From the time you take a walkway into the lobby and realise that you are on top of a cliff looking at the most achingly stunningly beautiful rainforest, it is hard not to be wowed by the Four Seasons in Sayan. John, a poet, triathlon athlete, spa-scholar etc., is an Irishman who has now become a Bali specialist and though I was not staying at the Four Seasons in Sayan, I think he had wanted me to see the property because of the effect it has on all visitors.
Like Jimbaran Bay, it offers all the comforts you never had at home but it also leaves you speechless with its natural beauty. We were shooting next door at Amandari, the hotel that more or less invented Ubud as a tourist destination. In its own way, Amandari is as influential as Jimbaran Bay.
The Aman story is an unusual one. Adrian Zecha, a former journalist (he started the
, so influential in Asia in the Sixties and Seventies), joined up with Bob Burns and a couple of other hoteliers to start the Regent chain. Then, he branched out on his own, building Amanpuri in Phuket, the first of the world’s super-exclusive luxury hotels. Amanpuri was a beach resort but Zecha, an Indonesian, decided that his second hotel, though located in Bali (then known primarily as a beach resort) would be on a part of the island that foreigners were unfamiliar with.
When Zecha decided to build Amandari in Ubud, the area consisted of dust roads and vast expanses of rice fields (there are parallels with Kerala). This suited Zecha because he wanted to build an exclusive hotel far away from the tour groups. Amandari invented many of what came to be regarded as the guiding principles of this kind of hotel: a very small number of villas (around 30), brilliant food, stark, artistic décor that draws heavily from the local architecture but blends perfectly into the surroundings and the air of a private club to which outsiders are only admitted on sufferance.
Like all Amans, it is the kind of hotel that celebrities go to when they want to explore new places without being hassled by mere tourists and can be cocooned in Aman’s trademark luxury and protected from prying eyes. This is where Mick Jagger stayed when he decided to marry Jerry Hall on impulse. (And without any legal sanction as the subsequent divorce demonstrated.) Our show has been very lucky because Aman is the sort of chain that shuns publicity, rarely has much to do with journos and almost never allows TV crews to shoot in its properties. It is the sort of company that prefers to cater to a small group of millionaires (called Aman junkies) and likes being picky (without being snobbish) about the kinds of guests it wants.
I was keen that we shot in Amandari because not only did it extend the Aman formula (now much copied) away from beach resorts and create Ubud as a destination but because it was also the first resort to integrate a local community (in this case, the village next door) so completely with the property. (How did they do that? Watch the show!)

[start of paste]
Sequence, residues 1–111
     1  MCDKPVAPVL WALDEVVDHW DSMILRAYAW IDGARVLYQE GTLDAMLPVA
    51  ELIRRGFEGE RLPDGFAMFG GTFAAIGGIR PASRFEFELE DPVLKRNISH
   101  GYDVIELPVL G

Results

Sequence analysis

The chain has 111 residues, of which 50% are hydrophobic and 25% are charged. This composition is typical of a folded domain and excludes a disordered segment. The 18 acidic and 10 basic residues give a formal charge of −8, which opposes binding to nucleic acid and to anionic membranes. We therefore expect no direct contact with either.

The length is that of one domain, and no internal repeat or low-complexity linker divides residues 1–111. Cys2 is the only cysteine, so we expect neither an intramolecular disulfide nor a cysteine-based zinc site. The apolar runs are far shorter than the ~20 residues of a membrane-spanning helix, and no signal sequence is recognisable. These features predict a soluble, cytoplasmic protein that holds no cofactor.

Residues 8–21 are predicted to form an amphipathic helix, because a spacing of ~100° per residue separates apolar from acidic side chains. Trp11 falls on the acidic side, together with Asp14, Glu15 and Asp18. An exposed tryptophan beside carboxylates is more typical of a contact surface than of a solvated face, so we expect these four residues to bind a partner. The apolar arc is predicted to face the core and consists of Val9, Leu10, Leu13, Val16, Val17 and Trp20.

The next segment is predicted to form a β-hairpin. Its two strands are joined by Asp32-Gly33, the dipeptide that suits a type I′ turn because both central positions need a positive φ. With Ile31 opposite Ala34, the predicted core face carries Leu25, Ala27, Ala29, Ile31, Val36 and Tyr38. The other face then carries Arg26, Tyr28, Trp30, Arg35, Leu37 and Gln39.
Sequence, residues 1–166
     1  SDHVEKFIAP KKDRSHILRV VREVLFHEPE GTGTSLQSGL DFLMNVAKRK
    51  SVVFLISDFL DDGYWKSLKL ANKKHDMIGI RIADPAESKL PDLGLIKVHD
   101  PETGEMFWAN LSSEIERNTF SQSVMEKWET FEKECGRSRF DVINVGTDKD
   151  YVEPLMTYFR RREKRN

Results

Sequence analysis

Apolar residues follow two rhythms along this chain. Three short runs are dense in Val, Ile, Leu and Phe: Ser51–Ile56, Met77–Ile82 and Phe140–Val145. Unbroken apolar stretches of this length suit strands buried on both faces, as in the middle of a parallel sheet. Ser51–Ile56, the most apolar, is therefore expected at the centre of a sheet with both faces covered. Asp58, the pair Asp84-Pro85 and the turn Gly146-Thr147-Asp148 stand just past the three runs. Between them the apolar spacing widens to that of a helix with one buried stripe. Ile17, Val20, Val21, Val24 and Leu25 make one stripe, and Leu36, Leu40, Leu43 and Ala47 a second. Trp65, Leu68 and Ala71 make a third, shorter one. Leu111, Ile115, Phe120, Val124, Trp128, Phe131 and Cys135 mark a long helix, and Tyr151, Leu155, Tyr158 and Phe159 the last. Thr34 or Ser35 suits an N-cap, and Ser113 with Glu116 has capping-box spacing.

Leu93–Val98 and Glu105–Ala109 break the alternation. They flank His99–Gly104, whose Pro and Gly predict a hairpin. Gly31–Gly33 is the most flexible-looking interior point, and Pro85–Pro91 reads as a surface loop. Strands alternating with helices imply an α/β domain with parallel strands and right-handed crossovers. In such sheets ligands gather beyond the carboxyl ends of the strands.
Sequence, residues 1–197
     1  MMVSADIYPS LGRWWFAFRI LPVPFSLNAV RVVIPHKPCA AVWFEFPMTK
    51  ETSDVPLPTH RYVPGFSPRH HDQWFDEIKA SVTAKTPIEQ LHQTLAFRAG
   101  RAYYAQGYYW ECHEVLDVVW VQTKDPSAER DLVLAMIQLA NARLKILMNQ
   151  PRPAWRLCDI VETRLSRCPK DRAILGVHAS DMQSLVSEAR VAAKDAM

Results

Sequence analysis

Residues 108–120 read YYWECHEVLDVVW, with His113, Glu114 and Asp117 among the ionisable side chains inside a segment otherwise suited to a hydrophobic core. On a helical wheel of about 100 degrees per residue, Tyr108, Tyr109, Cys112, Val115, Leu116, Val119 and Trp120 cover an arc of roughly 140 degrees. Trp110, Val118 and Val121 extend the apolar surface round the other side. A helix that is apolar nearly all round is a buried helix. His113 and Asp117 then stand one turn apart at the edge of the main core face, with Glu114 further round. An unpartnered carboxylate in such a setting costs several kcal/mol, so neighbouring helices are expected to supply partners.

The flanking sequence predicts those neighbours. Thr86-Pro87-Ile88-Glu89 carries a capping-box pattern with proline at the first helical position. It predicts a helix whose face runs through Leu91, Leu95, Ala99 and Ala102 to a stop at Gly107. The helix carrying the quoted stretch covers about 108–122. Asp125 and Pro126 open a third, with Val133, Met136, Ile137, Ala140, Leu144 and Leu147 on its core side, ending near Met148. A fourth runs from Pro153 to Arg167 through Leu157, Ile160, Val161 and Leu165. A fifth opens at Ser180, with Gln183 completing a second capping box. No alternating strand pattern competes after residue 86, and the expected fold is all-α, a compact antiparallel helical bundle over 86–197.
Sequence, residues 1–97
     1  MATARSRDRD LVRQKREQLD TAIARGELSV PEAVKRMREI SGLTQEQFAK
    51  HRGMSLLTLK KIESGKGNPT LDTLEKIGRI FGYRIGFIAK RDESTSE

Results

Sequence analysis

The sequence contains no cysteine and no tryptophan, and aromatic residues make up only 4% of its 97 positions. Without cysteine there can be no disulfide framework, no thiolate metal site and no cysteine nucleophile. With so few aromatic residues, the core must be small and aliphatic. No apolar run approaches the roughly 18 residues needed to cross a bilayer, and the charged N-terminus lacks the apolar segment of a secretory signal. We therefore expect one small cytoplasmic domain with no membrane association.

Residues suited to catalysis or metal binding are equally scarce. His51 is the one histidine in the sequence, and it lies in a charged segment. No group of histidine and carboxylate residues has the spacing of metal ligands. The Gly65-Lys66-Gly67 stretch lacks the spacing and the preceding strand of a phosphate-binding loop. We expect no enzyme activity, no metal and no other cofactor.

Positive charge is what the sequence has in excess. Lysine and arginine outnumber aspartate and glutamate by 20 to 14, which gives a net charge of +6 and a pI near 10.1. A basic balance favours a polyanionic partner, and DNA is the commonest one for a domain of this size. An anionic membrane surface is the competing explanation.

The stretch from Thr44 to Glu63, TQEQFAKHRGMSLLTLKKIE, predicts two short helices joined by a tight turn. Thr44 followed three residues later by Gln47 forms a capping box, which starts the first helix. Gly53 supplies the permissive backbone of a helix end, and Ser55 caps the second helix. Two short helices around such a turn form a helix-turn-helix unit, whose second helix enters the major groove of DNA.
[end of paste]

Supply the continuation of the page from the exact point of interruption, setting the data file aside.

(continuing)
Then, after we’d finished shooting at Amandari with its brand of understated, elegant luxury, I allowed myself a day’s holiday. Amankila is another Aman property, far, far away from tourist Bali (a category to which Ubud now belongs, alas). To say that it is a beach resort is like saying that the Shankaracharya is a Hindu – it’s true enough but it is hardly the full story. Amankila is probably the most breathtakingly elegant beach resort I have ever stayed in. Designed by Ed Tuttle, it is sort of property that deserves to win every design award (which it probably has.)
The villas are large and comfortable without being ostentatious and the views of the sea (which is an inky blue in this part of Bali) are jaw-droppingly astonishing. It has all the usual Aman touches, of course. If you want to have dinner on the beach, they’ll block the whole private beach for you, light it with candles and put a barbecue on the sands so that a chef can cook your fish in front of your eyes. If you want to explore the bay, the hotel has its own boats. And so on.
But all of this pales in comparison to the surroundings. It is not just the location. It is also the architecture. If you believe – as I do – that some buildings are designed so that you can never relax and that some give off an air of peace, then Amankila is the place to go to unwind. Of course, you can take part in all kinds of water-based sporting activities though frankly, this is not my scene. Perhaps as a consequence though, the guest profile is young and the hotel seems to attract Europeans with toned bodies.
So, I saw four terrific hotels and I finally saw the point of Bali. If you know where to look and you avoid the tourist hordes, it is a great destination. It only makes me a little sad that we’ve done so little with our own beach destinations. We don’t lack for natural beauty. We don’t lack money. (All Asian hotels are desperate for Indian high-rollers.) We just lack the imagination. Sad. But true.